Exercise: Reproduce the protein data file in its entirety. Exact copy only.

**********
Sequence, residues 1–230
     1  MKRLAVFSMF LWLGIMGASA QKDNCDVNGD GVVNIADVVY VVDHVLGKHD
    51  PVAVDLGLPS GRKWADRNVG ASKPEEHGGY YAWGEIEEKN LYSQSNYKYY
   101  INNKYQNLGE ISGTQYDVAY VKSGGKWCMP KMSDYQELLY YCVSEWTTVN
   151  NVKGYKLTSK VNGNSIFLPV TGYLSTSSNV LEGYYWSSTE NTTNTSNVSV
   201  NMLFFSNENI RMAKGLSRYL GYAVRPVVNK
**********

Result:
Sequence, residues 1–230
     1  MKRLAVFSMF LWLGIMGASA QKDNCDVNGD GVVNIADVVY VVDHVLGKHD
    51  PVAVDLGLPS GRKWADRNVG ASKPEEHGGY YAWGEIEEKN LYSQSNYKYY
   101  INNKYQNLGE ISGTQYDVAY VKSGGKWCMP KMSDYQELLY YCVSEWTTVN
   151  NVKGYKLTSK VNGNSIFLPV TGYLSTSSNV LEGYYWSSTE NTTNTSNVSV
   201  NMLFFSNENI RMAKGLSRYL GYAVRPVVNK